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The other day, I published a post, “Are Traditional Selling Skills Even Relevant Anymore?” It’s generated a lot of great ideas and good discussion on both sides of the topic.

One of the premises I had in the article is that the skills/challenges we face in driving change within our own organizations, and that those customers have within their organizations are not much different than the conversations/engagement that salespeople and buyers have.

They are human to human discussions, with all the same characteristics–disagreements, disinterest, differing points of view, alternative views on potential solutions, fear, confusion, confusion, convincing, negotiation, reaching consensus, trust building, and so forth. These discussions also have many of the negative aspects that people associate with selling, including feelings of manipulation, politics, self-interest over organizational interest, exercise of power and influence, betrayals of trust, and so forth..

Similar pressures exist within organizations. People driven to achieve their personal goals/objectives, their department’s, their organization’s. They are driven to do it as efficiently and effectively as possible. People are measured. compensated, promoted, and terminated based on their effectiveness in achieving their goals. In many cases, these people have a bonus element, such as achieving certain new product goals, manufacturing deadlines, and so forth. (Hmmm, this isn’t sounding much different than sales…..)

In fact, the phrase, “everyone in the organization is selling…” The concept has several contexts. If you take the quality/continuous/agile principles, everyone in the organization has customers they need to support. Most are internal, some may be external. Another concept is around change management–salespeople are basically change agents and help customers understand and implement change. But within our own organizations, we have similar needs to drive change and many others act as change agents–only internally.

It seems to me, the skills to effectively/efficiently drive change, learning, innovation, and progress within an organization are the same that great salespeople leverage in working with customers.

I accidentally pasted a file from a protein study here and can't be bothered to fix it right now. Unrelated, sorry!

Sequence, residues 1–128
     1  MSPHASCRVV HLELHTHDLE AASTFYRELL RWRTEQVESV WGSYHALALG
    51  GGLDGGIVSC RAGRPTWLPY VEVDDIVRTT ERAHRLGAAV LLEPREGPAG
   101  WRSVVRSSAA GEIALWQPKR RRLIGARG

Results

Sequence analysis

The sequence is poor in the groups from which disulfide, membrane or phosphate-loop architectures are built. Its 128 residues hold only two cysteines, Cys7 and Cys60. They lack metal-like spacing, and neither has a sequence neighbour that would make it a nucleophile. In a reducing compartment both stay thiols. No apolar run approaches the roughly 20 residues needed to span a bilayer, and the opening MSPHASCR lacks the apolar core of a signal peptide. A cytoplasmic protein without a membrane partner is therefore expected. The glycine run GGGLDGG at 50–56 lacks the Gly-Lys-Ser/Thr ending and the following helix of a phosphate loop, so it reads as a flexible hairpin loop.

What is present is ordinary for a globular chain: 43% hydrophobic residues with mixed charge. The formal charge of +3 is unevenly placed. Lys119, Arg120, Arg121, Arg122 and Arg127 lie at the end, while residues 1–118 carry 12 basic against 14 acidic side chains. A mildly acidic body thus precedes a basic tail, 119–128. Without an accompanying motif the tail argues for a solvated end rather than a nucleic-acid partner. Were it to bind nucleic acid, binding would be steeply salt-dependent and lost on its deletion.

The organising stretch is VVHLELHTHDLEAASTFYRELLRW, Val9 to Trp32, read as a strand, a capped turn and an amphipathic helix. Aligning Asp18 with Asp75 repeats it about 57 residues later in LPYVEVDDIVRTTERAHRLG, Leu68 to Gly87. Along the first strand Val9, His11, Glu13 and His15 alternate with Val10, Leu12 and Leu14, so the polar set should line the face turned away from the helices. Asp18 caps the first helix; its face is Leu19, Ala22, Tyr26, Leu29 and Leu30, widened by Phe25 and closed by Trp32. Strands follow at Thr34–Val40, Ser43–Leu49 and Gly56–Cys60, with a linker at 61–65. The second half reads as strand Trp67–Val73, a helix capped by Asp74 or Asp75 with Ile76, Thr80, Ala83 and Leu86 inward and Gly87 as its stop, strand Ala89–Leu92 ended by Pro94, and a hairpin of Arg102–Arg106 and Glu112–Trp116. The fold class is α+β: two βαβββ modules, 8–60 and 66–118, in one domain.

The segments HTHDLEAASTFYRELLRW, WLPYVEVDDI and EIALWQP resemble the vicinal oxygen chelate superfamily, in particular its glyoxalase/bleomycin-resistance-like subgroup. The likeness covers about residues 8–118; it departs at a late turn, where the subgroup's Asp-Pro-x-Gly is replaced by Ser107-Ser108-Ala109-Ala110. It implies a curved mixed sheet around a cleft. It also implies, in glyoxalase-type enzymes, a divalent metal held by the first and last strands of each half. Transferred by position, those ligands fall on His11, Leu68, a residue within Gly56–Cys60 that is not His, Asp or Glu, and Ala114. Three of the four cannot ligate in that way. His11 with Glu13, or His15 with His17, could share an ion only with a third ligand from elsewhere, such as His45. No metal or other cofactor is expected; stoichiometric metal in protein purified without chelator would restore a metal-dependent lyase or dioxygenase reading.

Somehow, it seems there are more similarities in driving internal changes/organizational performance, than differences. Yet for some reason, we have always treated skills that salespeople need as very different than those that are required for success within our own organizations.

It has been argued, the difference in context–that is we are dealing with colleagues internally, versus, salespeople dealing with people external to the organization. But increasingly, that seems less relevant. Every function in modern organizations has people/organizations external to the company they must deal with and manage. Procurement, customer service, HR are all easily understood. But finance has to deal within the financial community, with investors/shareholders, bankers, auditors, and others. Engineering/design/development rely, increasingly, on partnerships and alliances with other organizations. Manufacturing has complex supply chain management, outsourcing, and other relationships. The more organizations leverage subcontractors and contract employees, the more all functions in the organization leverage social channels in doing their work, the inside/outside differentiation become meaningless.

Perhaps a better approach to skills development for salespeople is to focus less on the differences in sales people’s jobs/roles and look at the similarities with leaders who drive change initiatives, projects within our organizations. Perhaps, training them together, having them learn from each other can create huge benefit.

Many of the skills critical to salespeople are just as critical to our internal leaders. Skills critical to internal people are just as critical to salespeople.

There’s another important side benefit. By doing integrating much of the skills development we conduct internally with sales skills development, salespeople will be learning side by side with the same type of people they will be working within their customers. Understanding them, their perspectives, how they get things done, can provide huge understanding for salespeople as they work to apply those same skills with customers.

Let me be clear, there will be some programs that need to be very specific for sales, just like there are some that are finance, engineering, manufacturing specific. But I suspect there are more similarities in skills than differences.

I, also, recognize that internal change/ problem-solving discussions might be a little easier to initiate because everyone is in the same organization, there is greater access/visibility, understanding within the organization. There may be better alignment in goals, culture, values (at least in theory); so there are some important differences with working with customers.

Almost since the inception of sales training and skills development, we have treated it as something different from all the other skills development programs in the organization. It’s time to look at the similarities and develop the skill salespeople need to help customers become more successful.